Alyssa Milano was once a big fan of Elon Musk and a proud Tesla owner, but that has changed. Speaking to the co-hosts of "The View" on Tuesday, she explained why Musk wasn't who she thought he was.
"For me, speaking of #MeToo, when he was accused of sexual misconduct and paid out $250,000 to this person, I decided — I can't live in that hypocrisy of that, driving that car, you know, when that happened," she said. "I'm kind of, I'm so annoyed with all of these billionaires, especially with Elon Musk. You buy Twitter to destroy it for $44 billion. Imagine if he donated that money to UNICEF. He would change the world. There would be no hunger!"
Milano has been an ambassador to UNICEF for two decades, striving to help children on areas where there is a serious conflict and war zone.
"He could go in his pocket and donate that money!" said Whoopi Goldberg, who recently left Twitter.
"It wouldn't cost $40 billion, but these guys, you know.." Milano trailed off
"There's a load of electric cars coming on the market," Joy Behar quipped for folks who want an affordable alternative to Tesla without all of the baggage of labor rights, sexual harassment allegations and other scandals.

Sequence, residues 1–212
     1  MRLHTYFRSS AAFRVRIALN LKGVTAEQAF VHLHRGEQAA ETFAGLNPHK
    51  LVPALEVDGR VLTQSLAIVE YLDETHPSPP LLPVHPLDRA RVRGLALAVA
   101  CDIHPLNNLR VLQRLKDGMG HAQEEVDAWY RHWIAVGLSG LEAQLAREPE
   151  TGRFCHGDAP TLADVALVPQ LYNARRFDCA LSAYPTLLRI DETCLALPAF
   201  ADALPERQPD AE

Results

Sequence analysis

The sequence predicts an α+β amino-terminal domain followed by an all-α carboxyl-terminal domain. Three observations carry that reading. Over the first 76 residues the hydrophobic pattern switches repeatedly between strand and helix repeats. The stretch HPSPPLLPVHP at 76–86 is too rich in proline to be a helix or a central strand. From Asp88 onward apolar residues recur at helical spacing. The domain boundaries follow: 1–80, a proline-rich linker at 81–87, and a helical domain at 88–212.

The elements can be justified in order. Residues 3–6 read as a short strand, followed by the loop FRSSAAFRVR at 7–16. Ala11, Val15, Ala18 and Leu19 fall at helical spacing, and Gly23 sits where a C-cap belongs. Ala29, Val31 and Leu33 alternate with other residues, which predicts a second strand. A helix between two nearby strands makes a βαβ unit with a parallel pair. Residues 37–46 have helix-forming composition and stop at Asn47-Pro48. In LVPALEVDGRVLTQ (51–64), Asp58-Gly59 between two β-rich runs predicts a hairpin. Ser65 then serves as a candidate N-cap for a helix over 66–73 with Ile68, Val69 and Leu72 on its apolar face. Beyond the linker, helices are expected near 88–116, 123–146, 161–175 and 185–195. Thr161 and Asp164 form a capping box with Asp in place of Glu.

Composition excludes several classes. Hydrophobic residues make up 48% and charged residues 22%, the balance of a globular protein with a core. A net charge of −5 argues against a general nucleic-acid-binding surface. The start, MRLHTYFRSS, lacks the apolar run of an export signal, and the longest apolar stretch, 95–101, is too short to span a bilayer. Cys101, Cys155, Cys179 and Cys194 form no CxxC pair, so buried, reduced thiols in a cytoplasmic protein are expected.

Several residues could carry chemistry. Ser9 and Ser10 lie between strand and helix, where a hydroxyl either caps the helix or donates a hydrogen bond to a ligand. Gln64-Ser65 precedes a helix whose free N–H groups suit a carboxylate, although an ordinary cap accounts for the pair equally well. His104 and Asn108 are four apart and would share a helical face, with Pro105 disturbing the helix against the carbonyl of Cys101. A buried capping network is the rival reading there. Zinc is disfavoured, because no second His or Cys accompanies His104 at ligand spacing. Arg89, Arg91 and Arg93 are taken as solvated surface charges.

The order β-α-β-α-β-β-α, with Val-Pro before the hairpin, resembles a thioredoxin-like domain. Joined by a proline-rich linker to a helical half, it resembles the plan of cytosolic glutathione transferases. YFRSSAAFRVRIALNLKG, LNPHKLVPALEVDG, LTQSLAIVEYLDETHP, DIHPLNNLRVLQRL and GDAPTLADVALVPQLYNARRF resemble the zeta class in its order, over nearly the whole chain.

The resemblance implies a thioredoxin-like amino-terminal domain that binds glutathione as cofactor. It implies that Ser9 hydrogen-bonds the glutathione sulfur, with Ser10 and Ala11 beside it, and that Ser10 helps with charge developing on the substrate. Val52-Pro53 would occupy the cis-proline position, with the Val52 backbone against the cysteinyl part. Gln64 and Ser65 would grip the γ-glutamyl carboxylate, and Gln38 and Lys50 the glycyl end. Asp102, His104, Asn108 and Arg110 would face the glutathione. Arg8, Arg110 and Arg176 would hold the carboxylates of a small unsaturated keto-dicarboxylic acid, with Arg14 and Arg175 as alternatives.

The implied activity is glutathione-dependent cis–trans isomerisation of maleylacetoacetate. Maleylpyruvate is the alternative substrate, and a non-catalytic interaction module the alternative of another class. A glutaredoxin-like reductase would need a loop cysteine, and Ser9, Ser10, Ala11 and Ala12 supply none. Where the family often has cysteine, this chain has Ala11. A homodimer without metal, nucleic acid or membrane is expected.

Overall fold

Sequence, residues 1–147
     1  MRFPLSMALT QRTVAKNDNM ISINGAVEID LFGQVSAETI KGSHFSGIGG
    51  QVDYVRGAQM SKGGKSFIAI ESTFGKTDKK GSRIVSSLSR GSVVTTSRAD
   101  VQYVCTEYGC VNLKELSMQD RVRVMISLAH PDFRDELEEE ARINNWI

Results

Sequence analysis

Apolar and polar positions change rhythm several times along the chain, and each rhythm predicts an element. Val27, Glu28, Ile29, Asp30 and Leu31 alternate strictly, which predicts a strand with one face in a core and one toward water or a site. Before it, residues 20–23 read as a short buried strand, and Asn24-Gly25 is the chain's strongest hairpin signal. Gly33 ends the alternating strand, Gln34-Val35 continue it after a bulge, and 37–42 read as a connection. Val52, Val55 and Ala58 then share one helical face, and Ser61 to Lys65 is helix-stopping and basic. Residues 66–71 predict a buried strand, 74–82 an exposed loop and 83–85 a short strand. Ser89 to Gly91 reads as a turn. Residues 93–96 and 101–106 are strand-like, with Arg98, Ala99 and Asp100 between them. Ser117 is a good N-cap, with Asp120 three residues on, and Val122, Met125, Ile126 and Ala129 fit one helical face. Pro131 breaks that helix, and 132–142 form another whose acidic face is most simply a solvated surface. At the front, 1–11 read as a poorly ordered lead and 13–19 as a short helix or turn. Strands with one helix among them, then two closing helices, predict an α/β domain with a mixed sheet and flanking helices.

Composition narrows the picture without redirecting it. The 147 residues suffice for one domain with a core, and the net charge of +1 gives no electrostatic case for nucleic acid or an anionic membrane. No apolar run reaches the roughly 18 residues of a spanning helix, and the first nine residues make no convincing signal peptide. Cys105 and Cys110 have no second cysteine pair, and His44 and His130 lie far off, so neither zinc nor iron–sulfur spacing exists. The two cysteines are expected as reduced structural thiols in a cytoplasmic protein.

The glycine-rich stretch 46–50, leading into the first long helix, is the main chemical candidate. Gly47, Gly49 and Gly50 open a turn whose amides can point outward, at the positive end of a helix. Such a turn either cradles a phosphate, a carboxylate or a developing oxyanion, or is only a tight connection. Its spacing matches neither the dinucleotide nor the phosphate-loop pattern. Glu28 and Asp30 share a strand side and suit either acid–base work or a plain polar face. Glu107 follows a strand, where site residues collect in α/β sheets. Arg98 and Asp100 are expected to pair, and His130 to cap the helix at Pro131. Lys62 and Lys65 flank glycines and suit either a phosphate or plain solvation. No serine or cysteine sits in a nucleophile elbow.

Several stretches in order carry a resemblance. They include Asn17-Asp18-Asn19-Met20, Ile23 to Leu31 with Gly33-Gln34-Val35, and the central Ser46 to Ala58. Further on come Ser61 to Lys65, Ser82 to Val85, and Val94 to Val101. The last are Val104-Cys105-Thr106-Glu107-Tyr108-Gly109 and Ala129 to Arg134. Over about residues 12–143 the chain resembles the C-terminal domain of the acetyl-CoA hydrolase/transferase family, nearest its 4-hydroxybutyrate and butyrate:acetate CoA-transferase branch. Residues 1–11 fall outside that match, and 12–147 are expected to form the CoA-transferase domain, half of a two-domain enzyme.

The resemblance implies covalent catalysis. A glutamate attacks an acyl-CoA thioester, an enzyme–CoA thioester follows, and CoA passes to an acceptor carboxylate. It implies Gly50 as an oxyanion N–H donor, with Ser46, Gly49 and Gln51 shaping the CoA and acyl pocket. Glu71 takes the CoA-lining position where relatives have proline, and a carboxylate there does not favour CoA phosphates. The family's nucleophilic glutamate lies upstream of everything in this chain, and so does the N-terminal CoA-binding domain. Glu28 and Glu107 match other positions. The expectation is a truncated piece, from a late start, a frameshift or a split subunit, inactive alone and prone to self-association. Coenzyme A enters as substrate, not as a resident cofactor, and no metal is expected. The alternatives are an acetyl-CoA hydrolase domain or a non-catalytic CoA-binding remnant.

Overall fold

Musk has denied the allegations against him of sexual misconduct, saying that they are "utterly untrue."
"What happens if things continue the way they are on Twitter? I think it's become a hellscape," said Sunny Hostin.
Milano noted that she's always been a target for trolls, though she confessed she always opens Twitter with trepidation, fearful of what she will see, describing it like she needs a helmet on.
Goldberg noted that one solution is simply to leave the platform as she did. Milano said that she doesn't want to cede territory to the troll war. She treats it like a turf war. Goldberg maintained that there are other options, but Milano maintained that she refuses to allow the bots and extremists to have the power.
"If we're not representing our side of the political discourse, aren't we just saying, you know what you can have Twitter?" she posed.
"I'll tell you, some things you have to walk away from until you can get the control you need of it," countered Goldberg. "Right now there's no way to get this control. So, find the ones that you can get and fix and then come back and run that run over."
The co-hosts all agreed that it remains an individual choice based on self-care and what's best for them.
Musk has spent the past several weeks attacking corporations that no longer want to advertise on Twitter, saying that they're against the First Amendment by not giving money to the site anymore. Twitter has lost most of its employees and the site has grown increasingly glitchy since. The new CEO spends most of his time online attacking people, making fun of others, and then calling for civility.
Watch the video below or at this link.